Posted by the prisoner's wife On 3:34 PM
The first half of CNN's documentary Black in America was extremely interesting. It touched on a myriad of issues, but (to me) offered few solutions. I am on the road and do not have my computer, so I wasn't able to blog during or after the show, but I just had a few thoughts...and I am open to hearing your suggestions on how we can begin changing some of these issues.
1. The HIV/AIDS rate among black women is ALARMING, and yet people aren't really talking about it. Thankfully, I am already aware of these issues, but what about my peers? And what about my students? I am a church-goer and yet my church has been silent on the issue. I am thinking that we, as Black women, need to take up arms over this because we are losing our sisters/mothers/aunts/daughters/grandmothers.
2. WOW at 70% of all Black households being headed by women. That's CRAZY! I am one of those 70% and it is not easy. If beloved were home, we'd certainly be raising our son together, but that is not our reality at the moment. How do we even begin changing this epidemic for black folks? Solid families are one of the keys to raising stable, successful kids. How can we expect our kids to compete if their home life is a disaster? I see it everyday in my students. Many are foster kids, and most live with their mother or another relative. They don't even concentrate on school because of all of the drama at home. What can be done about that?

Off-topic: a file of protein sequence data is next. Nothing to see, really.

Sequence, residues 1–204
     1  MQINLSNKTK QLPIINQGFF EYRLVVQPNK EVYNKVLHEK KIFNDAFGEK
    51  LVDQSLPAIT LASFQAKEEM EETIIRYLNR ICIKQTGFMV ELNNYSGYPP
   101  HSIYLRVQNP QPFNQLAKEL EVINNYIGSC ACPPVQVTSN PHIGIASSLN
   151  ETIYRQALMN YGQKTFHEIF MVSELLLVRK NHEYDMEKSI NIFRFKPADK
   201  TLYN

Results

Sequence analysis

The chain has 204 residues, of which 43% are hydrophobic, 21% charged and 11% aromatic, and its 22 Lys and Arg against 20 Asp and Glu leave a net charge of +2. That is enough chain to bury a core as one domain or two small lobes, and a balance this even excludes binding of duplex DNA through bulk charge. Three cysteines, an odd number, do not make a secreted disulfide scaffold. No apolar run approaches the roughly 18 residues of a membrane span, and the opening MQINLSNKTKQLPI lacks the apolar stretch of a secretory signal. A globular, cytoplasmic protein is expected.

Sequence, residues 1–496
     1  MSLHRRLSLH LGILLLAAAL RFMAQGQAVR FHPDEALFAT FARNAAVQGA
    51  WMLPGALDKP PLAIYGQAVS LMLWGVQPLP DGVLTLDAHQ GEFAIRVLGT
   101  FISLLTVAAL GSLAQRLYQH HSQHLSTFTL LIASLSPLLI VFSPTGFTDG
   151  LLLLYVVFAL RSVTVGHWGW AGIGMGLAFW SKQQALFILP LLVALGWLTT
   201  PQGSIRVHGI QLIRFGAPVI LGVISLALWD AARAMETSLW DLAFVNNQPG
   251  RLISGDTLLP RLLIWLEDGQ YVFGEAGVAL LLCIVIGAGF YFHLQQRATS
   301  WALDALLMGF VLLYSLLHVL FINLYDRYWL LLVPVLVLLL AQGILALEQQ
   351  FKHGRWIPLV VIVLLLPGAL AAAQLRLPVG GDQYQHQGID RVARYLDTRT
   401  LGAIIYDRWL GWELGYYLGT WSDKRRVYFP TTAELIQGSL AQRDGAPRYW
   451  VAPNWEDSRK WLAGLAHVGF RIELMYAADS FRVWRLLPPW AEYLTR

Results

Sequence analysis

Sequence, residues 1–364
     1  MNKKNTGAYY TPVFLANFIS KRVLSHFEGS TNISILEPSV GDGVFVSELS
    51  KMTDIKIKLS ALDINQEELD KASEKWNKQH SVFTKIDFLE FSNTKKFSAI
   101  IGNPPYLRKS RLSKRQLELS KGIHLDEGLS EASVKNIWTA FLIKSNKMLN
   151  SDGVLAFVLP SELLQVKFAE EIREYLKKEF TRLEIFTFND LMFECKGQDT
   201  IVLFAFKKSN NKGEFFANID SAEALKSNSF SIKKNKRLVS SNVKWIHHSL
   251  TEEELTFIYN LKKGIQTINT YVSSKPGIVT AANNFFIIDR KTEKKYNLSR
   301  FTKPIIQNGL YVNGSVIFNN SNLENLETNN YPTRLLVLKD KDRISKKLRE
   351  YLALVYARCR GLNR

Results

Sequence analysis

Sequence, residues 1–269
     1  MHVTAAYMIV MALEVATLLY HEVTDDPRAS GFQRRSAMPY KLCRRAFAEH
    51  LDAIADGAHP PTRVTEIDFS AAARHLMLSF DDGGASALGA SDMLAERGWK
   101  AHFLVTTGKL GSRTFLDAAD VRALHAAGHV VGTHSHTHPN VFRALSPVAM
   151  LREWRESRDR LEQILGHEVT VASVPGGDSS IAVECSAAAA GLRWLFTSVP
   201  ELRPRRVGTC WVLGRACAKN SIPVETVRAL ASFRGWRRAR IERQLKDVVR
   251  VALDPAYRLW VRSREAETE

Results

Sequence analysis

3. Education: Roland Fryer is amazing (!!!). After seeing him the first time on the other Black in America Special, I am intrigued by his work and would love to talk with him. I am a believer in paying kids to do well in school. My parents gave me money for good grades, which in turn made me work harder and later led to an intrinsic love for education, so why not do the same for others (Shout out to Mayor Bloomberg for doing it in NYC)? Some question the idea of paying kids for doing well in school, but as adults, we want to be compensated for our achievement on the job. Since school is basically a child's job, and a means to an economic future, why not steep the fire by providing incentives? Middle-class kids get cars, clothes, and all kids of goodies as a reward, why can't lower-income children be rewarded just the same?
I am rushing, I know, but I am writing from a hotel business center. We are here visiting beloved and have had a WONDERFUL week. I am looking forward to watching part 2 of the documentary tonight, and hopefully stealing a few minutes while the munchkin is sleep to come and write & see what you guys are saying.
Parting questions: Do you think the documentaries did a good job of capturing "The Black Experience"? & what does it mean to you to be Black in America?